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Verona, Veneto

Verona is an ancient town, capital of its province, situated in a loop of the Adige River near Lake Garda. For its cultural and historical prominence, Verona is a UNESCO World Heritage Site. Verona was the birthplace of Catullus and Vitruvius, appeared in the travel diaries of Goethe, Stendhal, Paul Valéry, and was the setting of the story of Romeo and Juliet.

Info

  • Population: about 250,000 inhabitants
  • Zip/postal code: 37100
  • Dialing Area Code: +39 045
  • Patron Saint: St. Zeno, celebrated on 21 May
  • Frazioni & Localities: Avesa, Basson, Ca' di David, Chievo, Madonna di Dossobuono, Marzana, Mizzole, Montorio, Nesente, Novaglie, Palazzina, Parona, Poiano, Ponte Florio, Quinto, Quinzano, San Felice Extra, Santa Maria in Stelle, Sezano.
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Provinces of Veneto

History

Verona was founded by Etruscans or by the Eugaei or Raeti tribes, but the first historical records are from the 4th century BC. It became a notable political and commercial center during Roman times. During the Middle Ages, it was the capital of the Italian Kingdom of Theodorich. The city reached the pinnacle of its political influence during the 14th century as the seat of power of the della Scala family (also known as the Scaligeri).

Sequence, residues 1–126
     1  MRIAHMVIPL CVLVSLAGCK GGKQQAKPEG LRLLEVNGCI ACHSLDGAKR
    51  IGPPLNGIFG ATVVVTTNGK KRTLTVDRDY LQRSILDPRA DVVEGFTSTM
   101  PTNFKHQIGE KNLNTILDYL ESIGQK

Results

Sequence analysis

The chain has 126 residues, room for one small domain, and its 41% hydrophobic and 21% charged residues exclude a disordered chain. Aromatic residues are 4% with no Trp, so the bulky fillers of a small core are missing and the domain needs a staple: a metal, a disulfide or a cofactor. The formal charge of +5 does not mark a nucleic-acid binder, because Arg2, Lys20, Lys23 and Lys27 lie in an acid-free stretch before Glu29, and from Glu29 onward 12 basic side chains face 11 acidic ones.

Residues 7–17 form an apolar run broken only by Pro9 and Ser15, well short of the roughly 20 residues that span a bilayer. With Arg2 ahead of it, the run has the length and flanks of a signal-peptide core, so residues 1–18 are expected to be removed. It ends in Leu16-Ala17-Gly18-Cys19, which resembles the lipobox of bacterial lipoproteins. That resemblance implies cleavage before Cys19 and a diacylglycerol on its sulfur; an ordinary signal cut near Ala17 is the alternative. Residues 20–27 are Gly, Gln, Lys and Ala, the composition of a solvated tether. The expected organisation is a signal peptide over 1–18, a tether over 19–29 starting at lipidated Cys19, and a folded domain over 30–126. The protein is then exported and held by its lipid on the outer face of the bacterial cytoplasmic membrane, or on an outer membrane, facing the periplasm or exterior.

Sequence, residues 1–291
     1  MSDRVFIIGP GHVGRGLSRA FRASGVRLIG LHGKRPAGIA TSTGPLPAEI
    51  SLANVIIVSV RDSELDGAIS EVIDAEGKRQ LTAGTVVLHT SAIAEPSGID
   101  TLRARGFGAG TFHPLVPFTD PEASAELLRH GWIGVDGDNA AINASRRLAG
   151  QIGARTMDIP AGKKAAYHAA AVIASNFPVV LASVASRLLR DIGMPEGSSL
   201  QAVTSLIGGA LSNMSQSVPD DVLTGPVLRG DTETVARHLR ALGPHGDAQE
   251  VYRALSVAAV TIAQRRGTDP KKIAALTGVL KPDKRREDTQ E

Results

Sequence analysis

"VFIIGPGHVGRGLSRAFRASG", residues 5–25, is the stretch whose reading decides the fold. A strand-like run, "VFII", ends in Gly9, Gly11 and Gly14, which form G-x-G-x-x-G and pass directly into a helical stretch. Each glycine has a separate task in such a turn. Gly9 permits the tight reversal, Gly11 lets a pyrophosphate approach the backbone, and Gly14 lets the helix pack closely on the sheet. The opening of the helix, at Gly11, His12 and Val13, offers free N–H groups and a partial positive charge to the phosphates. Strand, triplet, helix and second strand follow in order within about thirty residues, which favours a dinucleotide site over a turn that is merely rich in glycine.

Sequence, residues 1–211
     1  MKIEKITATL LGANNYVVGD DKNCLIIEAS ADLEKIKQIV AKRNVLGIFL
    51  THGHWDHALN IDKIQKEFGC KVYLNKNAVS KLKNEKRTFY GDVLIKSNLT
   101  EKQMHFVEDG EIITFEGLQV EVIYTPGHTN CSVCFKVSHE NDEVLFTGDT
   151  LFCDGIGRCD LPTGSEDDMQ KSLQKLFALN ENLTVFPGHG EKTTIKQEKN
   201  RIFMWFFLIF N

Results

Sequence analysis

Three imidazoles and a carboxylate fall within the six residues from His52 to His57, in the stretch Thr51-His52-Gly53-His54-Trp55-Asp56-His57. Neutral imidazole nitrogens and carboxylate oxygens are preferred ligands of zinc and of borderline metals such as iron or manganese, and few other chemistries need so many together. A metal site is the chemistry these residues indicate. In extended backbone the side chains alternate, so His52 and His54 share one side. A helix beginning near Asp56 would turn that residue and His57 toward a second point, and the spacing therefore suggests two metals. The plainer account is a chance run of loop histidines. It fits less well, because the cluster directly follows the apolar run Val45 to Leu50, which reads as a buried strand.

After the Venetian domination (1402-1797), Verona became part of the Cisalpine Republic. With the fall of Bonaparte, it became part of the Kingdom of Lombardy-Venetia and one of the fortresses in the group called Quadrilatero. Verona become part of the Kingdom of Italy in 1866 after the Austro-Prussian War.

Due to the nature of the Adige flow, Verona was flooded many times in history, on average every 70 years. In 1956 the Mori-Torbole tunnel (500 cubic metre of discharge from the Adige river to the Garda lake in case of flood danger) was built to avoid disasters of that kind.

What to see

  • The Arena, the famous Roman amphitheatre, where opera is now performed in the summer months. The shape recalls the Roman Coliseum, and it was built in the mid-1st century AD on a site which at the time was outside the city walls. The amphitheatre could host over 30,000 spectators. The round facade was originally in white and pink limestone from Valpolicella, but during the Middle Ages the Arena was used as a sort of quarry for other buildings. Its function as a theatre began again during the Renaissance.
  • The Roman theatre, built in the 1st century BC and retrieved in the 18th century thanks to Andrea Monga, a wealthy Veronese who bought all the houses that in time had been built over the theatre, demolished them and saved the monument.
  • Other Roman monuments, such as the Arco dei Gavi (Gavi Arch), dedicated to the important Roman family of the Gavii, built in the 1st century AD, and famous for having the name of the builder (architect Lucius Vitruvius Cordone) engraved on it. It had been demolished by the French troops in 1805 and was rebuilt in 1932.
  • Juliet's House and Balcony, though without a historical connection to the fictional characters of Shakespeare's tragedy, has nonetheless become a tourist attraction for lovers; the wall beneath is covered with their graffiti. Basilica of St. Zeno
  • San Zeno Basilica, built with alternating layers of white stone and bricks, a masterpiece of Romanesque architecture, rebuilt in 1117 following an earthquake on the remains of an older church.
  • The Natural History Museum, containing one of the most valuable collections of fossils and archaeological remains of Europe.

Where to stay